However, “As with so many of other crafts,” he notes, “there’s a higher purpose here: Japanese bartending has a unique way of weaving the various utilitarian processes and procedures a bartender employs in mixing a drink—from opening the bottles to measuring out the ingredients to shaking, straining, garnishing, and presenting the final drink— into a seamless ritual of secular (although not entirely secular) communion.”
Of Urushido, Wondrich writes, “To watch him mix drinks is an education in grace and elegance. Every drink of his I’ve had has been a thing of beauty: subtle, balanced, delicious, and presented without pretense or vanity.”
Urushido himself examines the underlying principles of Japanese mixology at length in the captivating book. “I am frequently asked to define Japanese bartending and its unique style,” he notes. “The question is one that I constantly grapple with, as there is no simple answer. Clearly, it involves many touchstones, from the use of specialized bar tools to specific techniques and curated ingredients. But it is much more profound than that.”
While apprenticing in Japan, he cut his teeth crafting whisky cocktails. “The archetypal whisky cocktail in Japan is by far the Whisky Highball,” he writes. “It is the rocket engine that propelled whisky back to mainstream popularity in Japan and continues to fuel its growth…. At Katana Kitten, highballs are served as they should be: supremely icy cold, so that the last bubbly sip is just as frigid and effervescent as the first.” It is the basis upon which Urushido has built a cocktail program that is now widely imitated around the world.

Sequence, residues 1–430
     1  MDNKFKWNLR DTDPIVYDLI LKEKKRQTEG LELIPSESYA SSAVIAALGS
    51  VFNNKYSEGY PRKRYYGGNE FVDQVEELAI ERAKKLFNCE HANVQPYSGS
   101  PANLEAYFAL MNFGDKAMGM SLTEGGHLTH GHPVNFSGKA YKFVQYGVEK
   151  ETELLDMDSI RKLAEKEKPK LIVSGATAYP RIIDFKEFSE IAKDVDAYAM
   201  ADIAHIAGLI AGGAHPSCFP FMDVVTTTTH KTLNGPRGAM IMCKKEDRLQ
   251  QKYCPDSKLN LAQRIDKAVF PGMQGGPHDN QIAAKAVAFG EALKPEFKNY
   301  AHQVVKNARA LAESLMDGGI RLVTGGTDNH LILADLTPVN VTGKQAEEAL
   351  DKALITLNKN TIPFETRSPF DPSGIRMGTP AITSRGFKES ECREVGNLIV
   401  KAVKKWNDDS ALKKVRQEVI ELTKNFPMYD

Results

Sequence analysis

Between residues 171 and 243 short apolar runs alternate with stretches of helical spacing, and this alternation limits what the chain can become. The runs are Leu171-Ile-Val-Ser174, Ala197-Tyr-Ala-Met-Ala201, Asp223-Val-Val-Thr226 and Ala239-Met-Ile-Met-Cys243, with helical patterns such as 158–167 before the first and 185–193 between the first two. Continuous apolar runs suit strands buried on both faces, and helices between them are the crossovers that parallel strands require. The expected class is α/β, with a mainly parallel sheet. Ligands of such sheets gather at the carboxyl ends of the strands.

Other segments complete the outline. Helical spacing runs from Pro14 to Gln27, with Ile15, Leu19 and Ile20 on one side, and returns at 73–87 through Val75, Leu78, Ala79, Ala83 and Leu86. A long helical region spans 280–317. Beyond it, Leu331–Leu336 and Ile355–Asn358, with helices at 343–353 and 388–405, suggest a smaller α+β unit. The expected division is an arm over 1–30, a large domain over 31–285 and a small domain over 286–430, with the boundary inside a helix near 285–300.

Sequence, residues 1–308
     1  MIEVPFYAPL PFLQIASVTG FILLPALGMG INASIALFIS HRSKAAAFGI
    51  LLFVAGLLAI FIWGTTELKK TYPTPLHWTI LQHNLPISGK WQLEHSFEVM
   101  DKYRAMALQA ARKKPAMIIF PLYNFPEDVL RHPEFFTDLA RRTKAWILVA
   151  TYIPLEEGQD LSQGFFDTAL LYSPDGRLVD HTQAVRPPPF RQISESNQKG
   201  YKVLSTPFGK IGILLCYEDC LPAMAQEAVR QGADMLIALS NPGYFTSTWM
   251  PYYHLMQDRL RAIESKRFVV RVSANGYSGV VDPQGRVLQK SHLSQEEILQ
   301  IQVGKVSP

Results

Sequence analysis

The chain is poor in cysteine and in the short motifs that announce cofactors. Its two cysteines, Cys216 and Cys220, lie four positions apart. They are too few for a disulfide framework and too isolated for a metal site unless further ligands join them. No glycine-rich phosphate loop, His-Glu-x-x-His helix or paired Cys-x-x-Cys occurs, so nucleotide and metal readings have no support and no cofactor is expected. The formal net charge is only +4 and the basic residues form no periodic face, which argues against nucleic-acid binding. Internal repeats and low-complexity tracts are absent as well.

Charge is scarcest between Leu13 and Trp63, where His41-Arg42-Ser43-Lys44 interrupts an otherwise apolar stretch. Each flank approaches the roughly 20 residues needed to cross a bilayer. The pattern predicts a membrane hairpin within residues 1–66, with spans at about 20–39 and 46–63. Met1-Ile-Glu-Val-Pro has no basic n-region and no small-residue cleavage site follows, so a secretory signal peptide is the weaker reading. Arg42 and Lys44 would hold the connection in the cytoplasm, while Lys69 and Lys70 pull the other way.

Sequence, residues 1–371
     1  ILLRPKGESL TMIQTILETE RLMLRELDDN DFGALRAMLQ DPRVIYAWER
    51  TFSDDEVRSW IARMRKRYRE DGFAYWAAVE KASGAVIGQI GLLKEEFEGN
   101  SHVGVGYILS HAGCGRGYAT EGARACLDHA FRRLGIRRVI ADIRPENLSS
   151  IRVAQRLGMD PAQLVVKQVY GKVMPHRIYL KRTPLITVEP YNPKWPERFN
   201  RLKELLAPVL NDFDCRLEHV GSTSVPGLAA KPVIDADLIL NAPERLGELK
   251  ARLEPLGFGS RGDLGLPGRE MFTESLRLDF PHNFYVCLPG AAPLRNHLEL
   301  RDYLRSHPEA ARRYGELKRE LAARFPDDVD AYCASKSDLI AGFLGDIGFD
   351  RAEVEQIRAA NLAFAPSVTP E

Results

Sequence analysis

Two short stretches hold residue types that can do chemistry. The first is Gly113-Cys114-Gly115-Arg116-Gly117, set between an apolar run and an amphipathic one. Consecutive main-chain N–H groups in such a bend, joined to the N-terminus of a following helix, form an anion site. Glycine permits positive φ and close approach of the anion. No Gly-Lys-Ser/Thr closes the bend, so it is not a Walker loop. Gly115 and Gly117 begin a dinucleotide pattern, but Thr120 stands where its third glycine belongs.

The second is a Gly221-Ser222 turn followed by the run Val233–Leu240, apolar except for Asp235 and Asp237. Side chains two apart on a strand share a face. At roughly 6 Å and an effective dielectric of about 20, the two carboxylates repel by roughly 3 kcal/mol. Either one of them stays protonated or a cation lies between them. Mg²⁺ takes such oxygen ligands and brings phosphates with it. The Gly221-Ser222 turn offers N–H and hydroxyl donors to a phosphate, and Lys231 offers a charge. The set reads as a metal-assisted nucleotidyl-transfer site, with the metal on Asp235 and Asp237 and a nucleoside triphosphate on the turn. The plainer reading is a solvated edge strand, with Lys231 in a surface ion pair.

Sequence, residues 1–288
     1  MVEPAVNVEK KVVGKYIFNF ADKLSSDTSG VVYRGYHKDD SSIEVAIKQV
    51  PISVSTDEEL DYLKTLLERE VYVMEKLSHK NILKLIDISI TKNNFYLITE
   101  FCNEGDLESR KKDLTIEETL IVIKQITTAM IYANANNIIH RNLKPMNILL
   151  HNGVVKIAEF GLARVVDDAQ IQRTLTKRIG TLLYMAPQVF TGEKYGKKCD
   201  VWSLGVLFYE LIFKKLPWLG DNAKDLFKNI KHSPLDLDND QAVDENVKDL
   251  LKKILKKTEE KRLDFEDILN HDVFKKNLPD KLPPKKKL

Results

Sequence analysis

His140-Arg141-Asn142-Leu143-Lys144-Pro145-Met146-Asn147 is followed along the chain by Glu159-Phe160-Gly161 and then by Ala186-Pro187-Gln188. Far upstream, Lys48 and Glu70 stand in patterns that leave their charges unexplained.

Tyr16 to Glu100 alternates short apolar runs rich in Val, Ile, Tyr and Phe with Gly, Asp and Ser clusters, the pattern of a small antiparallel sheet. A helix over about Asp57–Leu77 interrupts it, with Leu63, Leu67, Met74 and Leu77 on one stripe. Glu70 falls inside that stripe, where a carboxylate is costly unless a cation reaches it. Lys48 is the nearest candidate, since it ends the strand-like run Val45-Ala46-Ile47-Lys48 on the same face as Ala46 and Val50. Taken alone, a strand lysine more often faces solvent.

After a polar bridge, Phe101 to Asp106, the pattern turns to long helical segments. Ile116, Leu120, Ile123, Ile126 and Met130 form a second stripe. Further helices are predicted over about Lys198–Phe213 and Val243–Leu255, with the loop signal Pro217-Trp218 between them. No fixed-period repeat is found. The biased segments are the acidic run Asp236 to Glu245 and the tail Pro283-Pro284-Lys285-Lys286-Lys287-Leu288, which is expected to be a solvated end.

In another alluring new book on Japanese mixology, Tokyo Cocktails: An Elegant Collection of Over 100 Recipes Inspired by the Eastern Capital, published by Cider Mill Press, Nicholas Coldicott also examines the phenomenon. The popular perception that Japanese bartending is “a time capsule, a snapshot of the 1920s,” is wrong, he writes.
“Across Tokyo, bartenders are trying to fine-tune famous cocktails, speeding up or slowing down their stirs, rethinking how they move a shaker and juice a fruit, pondering whether the ice in their mixing glass should be shiny or coarse, how hard it should be, and even whether they should shorten their stir in the summer.”
In addition to Japanese whisky, and other Japanese spirits such as Roku Gin which have gained popularity of late, “brands such as Beefeater, Bacardi, Courvoisier, and Dewar’s are the primary colors of a Japanese bar,” Coldicott notes, “and [there is] artisanship is in the aeration, dilution, temperature control, and other kinds of chemistry.”